Raymond Carr’s Spain: A History is a brilliant distillation of 3 000 years of Spanish history. It is only 300 pages long, illustrated, and immensely readable. George Orwell, Laurie Lee and Ernest Hemingway all wrote classic books on the Spanish Civil War and its aftermath. Laurie Lee’s A Rose for Winter is a memoir of his visit to Granada in the 1950’s.
Ian Gibson’s Federico Garcia Lorca: A Life gives a detailed account of Lorca’s life and death. It is particularly valuable as Gibson started work on the book in the 1960’s, when many eyewitnesses and people who knew Lorca were still alive. Lorca's Granada: A Practical Guide describes locations which were important in Lorca’s life. Leila Mahfouz, the girl murdered in Blood Wedding used both of them in her research. If she’d been content with Gibson’s explanation of the facts around Lorca’s arrest and execution, maybe things would have turned out differently for her.
Robert Irwin’s The Alhambra is an absorbing and provocative modern history of the Alhambra, one of the world’s most iconic buildings, whose presence dominates the city of Granada.
Michael Jacobs’ Andalucia (Pallas Guides) is both a guide and a cultural history of Andalucia. Beautifully illustrated, and very readable.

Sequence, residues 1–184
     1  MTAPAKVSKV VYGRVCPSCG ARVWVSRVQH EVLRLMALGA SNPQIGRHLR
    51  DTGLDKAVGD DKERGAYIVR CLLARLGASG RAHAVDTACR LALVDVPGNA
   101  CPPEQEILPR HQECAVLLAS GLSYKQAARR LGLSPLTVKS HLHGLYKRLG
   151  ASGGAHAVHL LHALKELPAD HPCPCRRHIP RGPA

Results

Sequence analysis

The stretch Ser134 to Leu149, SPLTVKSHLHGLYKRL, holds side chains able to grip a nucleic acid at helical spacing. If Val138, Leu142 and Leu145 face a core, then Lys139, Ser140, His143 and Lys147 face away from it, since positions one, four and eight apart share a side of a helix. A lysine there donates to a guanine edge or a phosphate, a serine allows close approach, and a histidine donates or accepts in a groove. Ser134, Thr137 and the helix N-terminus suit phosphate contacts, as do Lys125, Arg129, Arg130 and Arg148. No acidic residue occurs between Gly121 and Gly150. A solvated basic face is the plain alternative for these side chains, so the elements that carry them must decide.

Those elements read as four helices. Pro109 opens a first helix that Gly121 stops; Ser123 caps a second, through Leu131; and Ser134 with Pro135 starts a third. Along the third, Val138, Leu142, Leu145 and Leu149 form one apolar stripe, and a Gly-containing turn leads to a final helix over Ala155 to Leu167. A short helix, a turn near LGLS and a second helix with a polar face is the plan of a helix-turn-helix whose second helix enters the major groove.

Chris Stewart’s Driving Over Lemons: An Optimist in Andalucia (The Lemons Trilogy) is a comic memoir of life in the mountains south of Granada, which in our novel, is home to the Romero family. In translation, it has become a best seller in Spain, too, though interestingly, the publisher describes it as a “novel” Had our characters been real people, Chris would have known them all well.
Paul Preston has written many books on the Spanish Civil War and its aftermath. Max’s grandmother Paula reads them in translation.
Together, Giles Tremlett’s Ghosts of Spain: Travels Through a Country's Hidden Past and John Hooper’s The New Spaniards (Second Edition) are a wonderful source of information about contemporary Spanish society and culture. We use them at lot in our writing.